King Arthur and His Knights of the Round Table (Everyman's Library Children's Classics)

by Roger Lancelyn Green

Other authorsAubrey Beardsley (Illustrator)
Hardcover, 1993



Local notes

398.2 Gre





Everyman's Library (1993), Hardcover, 358 pages


A retelling of the story of the boy fated to be the "true-born King of Britain," covering his glorious reign and his tragic, yet triumphant, passing.


Original publication date


Physical description

358 p.

User reviews

LibraryThing member aprildt
Dozens of tales comprise the legend of King A. This author compiles about 23 and fashions them into a cohesive story, showing the rise of King A., the age of the glory of his realm, the quest for the Holy Grail, and the realm's fall. Most of the tales are episodic; they can stand on their own, as
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well as a functioning part of the legend. Everyone's favorite knights are here: Launcelot, Galahad, Gareth, Tristam, Percivale, evil Sir Mordred, and dumb Sir Kay. Also, the ladies: Queen Guin, Morgana le Fay, Enid, and Blanchefleur. My favorite Knight is Sir Gawain, and favorite tale is that of him and his Lady Ragnell. Well laid out, an easy read, and a good introduction to the courtly age.
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LibraryThing member PollyMoore3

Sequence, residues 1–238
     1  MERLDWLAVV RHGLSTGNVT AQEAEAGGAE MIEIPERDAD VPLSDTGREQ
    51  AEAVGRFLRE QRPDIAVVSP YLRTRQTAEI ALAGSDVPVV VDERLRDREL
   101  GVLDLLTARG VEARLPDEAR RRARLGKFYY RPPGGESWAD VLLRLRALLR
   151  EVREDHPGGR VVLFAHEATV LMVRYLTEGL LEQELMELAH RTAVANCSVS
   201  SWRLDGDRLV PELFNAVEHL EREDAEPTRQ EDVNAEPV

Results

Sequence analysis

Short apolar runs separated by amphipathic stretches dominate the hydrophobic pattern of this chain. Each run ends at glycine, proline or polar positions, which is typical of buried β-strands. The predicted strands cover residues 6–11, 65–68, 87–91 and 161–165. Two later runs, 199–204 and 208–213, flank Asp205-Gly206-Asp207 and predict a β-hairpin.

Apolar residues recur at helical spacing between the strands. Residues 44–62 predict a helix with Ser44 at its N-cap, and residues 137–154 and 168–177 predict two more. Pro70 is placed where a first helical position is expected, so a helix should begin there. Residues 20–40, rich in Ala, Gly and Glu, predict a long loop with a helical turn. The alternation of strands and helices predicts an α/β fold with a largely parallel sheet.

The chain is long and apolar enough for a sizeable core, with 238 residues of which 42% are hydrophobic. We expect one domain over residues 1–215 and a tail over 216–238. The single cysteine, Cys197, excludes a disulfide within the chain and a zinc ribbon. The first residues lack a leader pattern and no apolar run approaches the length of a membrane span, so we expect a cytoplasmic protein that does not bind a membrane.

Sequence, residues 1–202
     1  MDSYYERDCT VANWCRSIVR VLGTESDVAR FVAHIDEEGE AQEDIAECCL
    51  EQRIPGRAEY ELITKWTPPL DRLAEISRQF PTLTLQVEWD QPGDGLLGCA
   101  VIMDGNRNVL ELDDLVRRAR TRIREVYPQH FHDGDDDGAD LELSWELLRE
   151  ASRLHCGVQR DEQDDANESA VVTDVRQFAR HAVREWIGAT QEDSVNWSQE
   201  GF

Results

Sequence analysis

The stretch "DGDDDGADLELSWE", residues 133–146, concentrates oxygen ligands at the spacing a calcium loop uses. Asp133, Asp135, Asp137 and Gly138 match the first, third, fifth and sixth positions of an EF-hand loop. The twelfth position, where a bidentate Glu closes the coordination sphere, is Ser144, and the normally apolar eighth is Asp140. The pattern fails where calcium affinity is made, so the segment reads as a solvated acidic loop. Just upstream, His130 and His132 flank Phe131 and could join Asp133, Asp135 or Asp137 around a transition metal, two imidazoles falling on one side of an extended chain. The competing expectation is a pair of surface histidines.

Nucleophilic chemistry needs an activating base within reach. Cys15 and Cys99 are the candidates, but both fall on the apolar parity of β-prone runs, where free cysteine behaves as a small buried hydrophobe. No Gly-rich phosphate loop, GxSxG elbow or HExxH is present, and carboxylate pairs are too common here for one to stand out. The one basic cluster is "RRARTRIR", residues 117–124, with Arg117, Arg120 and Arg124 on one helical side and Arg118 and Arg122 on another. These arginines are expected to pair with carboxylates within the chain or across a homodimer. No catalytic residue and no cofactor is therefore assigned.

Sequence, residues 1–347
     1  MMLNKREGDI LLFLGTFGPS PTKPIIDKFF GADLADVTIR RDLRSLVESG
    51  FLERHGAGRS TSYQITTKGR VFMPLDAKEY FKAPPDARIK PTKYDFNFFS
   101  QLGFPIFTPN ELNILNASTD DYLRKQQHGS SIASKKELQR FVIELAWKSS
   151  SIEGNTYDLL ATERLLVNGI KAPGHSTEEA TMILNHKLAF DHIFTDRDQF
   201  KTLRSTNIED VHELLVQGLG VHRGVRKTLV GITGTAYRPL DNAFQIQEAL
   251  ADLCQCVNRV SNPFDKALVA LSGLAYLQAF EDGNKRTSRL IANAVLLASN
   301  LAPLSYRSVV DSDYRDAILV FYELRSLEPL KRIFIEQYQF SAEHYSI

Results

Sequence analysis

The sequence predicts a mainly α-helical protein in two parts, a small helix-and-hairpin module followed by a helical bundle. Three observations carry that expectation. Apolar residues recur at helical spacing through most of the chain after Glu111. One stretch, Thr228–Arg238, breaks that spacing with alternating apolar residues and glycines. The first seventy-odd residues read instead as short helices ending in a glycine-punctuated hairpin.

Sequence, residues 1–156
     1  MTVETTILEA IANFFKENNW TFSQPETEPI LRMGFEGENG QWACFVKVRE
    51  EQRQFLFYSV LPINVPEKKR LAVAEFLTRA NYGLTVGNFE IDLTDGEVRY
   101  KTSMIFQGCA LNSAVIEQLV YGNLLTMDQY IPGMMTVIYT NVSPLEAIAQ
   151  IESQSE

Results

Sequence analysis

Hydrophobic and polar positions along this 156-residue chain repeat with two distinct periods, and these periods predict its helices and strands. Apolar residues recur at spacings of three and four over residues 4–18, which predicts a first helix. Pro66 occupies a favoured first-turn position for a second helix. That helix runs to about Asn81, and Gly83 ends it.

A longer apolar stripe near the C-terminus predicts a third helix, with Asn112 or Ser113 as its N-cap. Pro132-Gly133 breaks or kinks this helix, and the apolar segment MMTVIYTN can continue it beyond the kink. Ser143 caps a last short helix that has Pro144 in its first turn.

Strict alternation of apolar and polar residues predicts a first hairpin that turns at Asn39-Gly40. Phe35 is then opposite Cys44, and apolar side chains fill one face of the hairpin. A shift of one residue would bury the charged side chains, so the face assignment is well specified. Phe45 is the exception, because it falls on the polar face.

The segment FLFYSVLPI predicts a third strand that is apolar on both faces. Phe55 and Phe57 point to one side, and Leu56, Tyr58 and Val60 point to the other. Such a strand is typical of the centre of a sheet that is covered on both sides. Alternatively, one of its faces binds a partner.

The wonderful woodcut-like illustrations, made by cutting out black paper, add greatly to the atmosphere of this book. A good introduction to Arthur for all ages.
LibraryThing member drewandlori
A great introduction to the story of King Arthur for anyone, but especially younger readers
LibraryThing member antiquary
Unusual for a very negative portrayal of Merlin
LibraryThing member SherryThompson
I always read this first, in preparation for reading Charles Williams' Arthurian poetry, "Taliessin Through Logres" and "The Region of Summer Stars". However, Roger Lancelyn Green's book is great reading on its own account. Perhaps, it's because I'm a Christian--whatever the reason, Green's modern
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yet faithful accounts of these traditional stories affect me emotionally when I read them.
At which point, I suppose, I'm in the perfect mental state to work through Williams' complex and allusive poetry as I search for even more of the spiritual depth in the Arthurian saga.
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LibraryThing member Gateaupain
Lotte Reiniger's illos are nice
LibraryThing member ccookie
First line: